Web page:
Google wants to be there when the home automation trend kicks in and actually hopes to kickstart it. Nest, the company that Google has recently purchased, has launched a developer program that allows third-party apps and devices to communicate with Nest hardware to perform things that aren’t normally possible.
For instance, if you want to open your garage door as you’re heading home, you can do that by telling Nest through the Google Now interface. This already works with the help of Chamberlain garage door openers.
If you drive several Mercedes models, your car will also automatically tell Nest when you’re getting home and will start the heating or cooling at the right time to get the best temperature for you when you arrive.
Several Whirlpool models can also be controlled with the help of Nest if the smart thermostat notices you’re away from home by switching the washing machine to a refresh mode when the cycle ends so that the clothes stay fresh and don’t get wrinkles.
Perhaps the creepier partner is Jawbone, the smart bracelet that provides data about your fitness activities, but also about your sleeping patterns. The data can be integrated into Nest to help it better learn when to lower and increase the heat in the house.
The “Works with Nest” program will only grow from here and it will turn the learning thermostat into the center of the smart home. Since Nest has recently bought Dropcam, we could probably add home security to the list already.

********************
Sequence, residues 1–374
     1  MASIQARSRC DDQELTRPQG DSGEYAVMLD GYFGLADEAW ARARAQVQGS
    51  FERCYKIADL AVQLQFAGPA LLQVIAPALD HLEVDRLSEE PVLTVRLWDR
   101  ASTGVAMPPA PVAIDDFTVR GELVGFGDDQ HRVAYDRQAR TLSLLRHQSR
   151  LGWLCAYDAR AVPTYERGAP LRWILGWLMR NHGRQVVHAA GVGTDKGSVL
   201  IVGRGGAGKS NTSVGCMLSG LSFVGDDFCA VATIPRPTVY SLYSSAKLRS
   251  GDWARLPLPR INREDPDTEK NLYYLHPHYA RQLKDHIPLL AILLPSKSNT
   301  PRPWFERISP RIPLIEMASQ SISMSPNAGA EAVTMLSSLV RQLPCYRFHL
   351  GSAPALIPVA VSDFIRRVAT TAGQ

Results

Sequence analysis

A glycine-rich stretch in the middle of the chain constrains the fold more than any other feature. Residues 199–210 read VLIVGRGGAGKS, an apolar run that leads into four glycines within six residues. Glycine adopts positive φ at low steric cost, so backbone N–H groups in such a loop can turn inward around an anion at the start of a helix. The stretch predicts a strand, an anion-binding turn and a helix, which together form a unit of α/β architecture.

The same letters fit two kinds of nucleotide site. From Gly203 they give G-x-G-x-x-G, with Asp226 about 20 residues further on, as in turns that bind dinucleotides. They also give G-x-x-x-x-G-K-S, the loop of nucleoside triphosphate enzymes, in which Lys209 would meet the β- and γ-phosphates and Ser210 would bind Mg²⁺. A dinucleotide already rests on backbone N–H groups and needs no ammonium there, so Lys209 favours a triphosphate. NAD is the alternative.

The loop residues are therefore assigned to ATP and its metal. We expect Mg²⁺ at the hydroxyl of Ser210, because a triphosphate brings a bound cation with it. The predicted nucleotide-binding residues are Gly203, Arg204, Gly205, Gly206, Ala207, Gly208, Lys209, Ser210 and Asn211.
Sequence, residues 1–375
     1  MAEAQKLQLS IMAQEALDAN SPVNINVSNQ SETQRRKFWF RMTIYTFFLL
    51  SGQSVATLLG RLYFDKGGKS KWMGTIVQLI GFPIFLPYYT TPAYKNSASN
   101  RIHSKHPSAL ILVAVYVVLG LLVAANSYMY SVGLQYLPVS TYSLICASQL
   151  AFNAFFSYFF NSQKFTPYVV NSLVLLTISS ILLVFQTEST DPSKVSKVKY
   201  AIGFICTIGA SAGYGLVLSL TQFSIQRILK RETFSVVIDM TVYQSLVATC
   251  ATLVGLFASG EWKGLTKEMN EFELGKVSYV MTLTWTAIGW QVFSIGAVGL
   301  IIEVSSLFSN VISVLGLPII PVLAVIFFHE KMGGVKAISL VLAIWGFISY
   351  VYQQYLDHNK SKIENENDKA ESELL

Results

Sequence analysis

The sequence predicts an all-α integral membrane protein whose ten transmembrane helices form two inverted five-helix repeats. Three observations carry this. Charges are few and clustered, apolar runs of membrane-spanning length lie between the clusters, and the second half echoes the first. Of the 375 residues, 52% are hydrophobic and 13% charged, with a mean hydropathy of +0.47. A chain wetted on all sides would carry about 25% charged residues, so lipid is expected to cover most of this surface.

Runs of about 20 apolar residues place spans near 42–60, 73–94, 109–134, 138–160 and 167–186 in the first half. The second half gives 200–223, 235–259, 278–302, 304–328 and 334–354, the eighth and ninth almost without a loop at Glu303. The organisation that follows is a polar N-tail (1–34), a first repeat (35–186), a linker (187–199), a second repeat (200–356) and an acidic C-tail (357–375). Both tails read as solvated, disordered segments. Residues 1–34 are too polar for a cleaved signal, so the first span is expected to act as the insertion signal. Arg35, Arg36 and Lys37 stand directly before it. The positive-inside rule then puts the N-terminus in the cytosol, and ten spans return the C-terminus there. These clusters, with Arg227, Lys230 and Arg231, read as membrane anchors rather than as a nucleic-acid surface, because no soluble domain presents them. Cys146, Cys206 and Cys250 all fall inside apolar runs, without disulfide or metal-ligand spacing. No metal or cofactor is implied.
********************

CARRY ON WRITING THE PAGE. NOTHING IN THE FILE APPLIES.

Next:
Matt Rogers, the man behind Nest’s idea, says that the goal is to provide seamless and practical experiences in the home, while also selling more Nest devices.
Tech Crunch reports that sometime in the fall, Google now will become “Works with Nest” certified, which will allow Android users to command their thermostats from anywhere, and through this, the rest of the connected devices around the home.
The race to create automated houses has been going on for a while. The very rich already have access to high-end tools, but the rest of us aren’t so lucky. The solutions brought forward by Nest and Google are accessible to more tech lovers and the prices are only going to drop as time goes by and more and more people show an interest in the concept.
While the idea is incredibly enticing, the implications of connecting your home and home appliances to the Internet comes with a certain element of scariness. The privacy concerns of taking such a step are understandable and the fact that Google is behind this particular effort certainly isn’t helping things because no matter what the Internet giant does, there are a lot of people who will never trust it, partially or completely.